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Opinion

November 11, 2013

Wolfsie: Not the end of the world

The big story this past month is not that one of our big stars (Miley Cyrus) is twerking, but that one of our medium-sized stars may someday stop working. I am talking about our sun, but Miley’s prospects for future employment might also be dimming.

This end-of-the-world prediction comes courtesy of astro-biologist Andrew Rushby, a PhD candidate at the University of East Anglia in Great Britain, where life already ended unofficially for fellow students three weeks ago when the administration began prohibiting drinking Guinness in the college dorms.

Rushby used what he calls “classic models” to help make his futuristic predictions. Here are a few examples of what those models suggested about the timing of the demise of the sun:

Kathy Ireland: 1.5 billion years

Claudia Schiffer: 2.3 billion years

Tyra Banks: 3.5 billion years

Averaging it all, Rushby’s final conclusion is that earth will be uninhabitable somewhere between 1.75 billion and 3.25 billion years from now. At first, this prediction really scared me because I thought it said a million years. Whew! Rushby, who first trained as a meteorologist, is also saying that the final day the earth exists, whenever it is, will be cloudy with scattered showers and a really good chance of record heat. Yes, it’s hard to imagine complete and total desolation. Think Antarctica in the winter or MCL at 9 p.m. By the way, it’s going to happen on a Friday, so dress casual.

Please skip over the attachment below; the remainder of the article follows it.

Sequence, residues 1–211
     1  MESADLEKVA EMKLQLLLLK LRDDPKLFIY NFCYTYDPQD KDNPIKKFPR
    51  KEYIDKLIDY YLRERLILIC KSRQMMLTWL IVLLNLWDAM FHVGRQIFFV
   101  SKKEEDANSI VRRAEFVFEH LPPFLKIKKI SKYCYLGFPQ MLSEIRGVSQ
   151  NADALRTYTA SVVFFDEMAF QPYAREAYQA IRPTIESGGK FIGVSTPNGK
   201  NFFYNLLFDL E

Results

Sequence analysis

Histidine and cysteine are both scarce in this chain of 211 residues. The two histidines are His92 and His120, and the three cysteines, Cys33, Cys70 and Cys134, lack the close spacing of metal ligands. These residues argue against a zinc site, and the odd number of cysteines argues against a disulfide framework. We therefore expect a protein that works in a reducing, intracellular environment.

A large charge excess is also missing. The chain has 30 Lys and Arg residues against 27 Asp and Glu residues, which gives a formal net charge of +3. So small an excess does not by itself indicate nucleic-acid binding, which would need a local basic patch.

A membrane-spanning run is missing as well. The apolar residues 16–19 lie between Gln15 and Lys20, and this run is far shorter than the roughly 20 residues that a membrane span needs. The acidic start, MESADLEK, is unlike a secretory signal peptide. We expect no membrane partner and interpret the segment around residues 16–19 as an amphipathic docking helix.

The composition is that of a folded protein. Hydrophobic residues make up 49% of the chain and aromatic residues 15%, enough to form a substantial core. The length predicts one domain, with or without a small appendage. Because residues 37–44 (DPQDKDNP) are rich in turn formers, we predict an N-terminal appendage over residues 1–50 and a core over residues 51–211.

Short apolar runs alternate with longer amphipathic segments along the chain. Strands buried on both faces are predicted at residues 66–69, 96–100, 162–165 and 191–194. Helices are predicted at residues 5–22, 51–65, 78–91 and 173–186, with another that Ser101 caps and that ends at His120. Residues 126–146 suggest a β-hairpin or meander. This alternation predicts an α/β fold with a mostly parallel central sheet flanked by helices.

How exactly will it all end? This British scientist claims that “high temperatures will lead to more evaporation, creating unbearable humidity, and ending finally in catastrophic scorching.” By the way, this is also how people die in a tanning salon. There is some good news. Rushby says that if we are good stewards of the Earth we could squeeze out an extra weekend or two, which may not seem like much, but for those on spring break that year, that’s really a huge difference.

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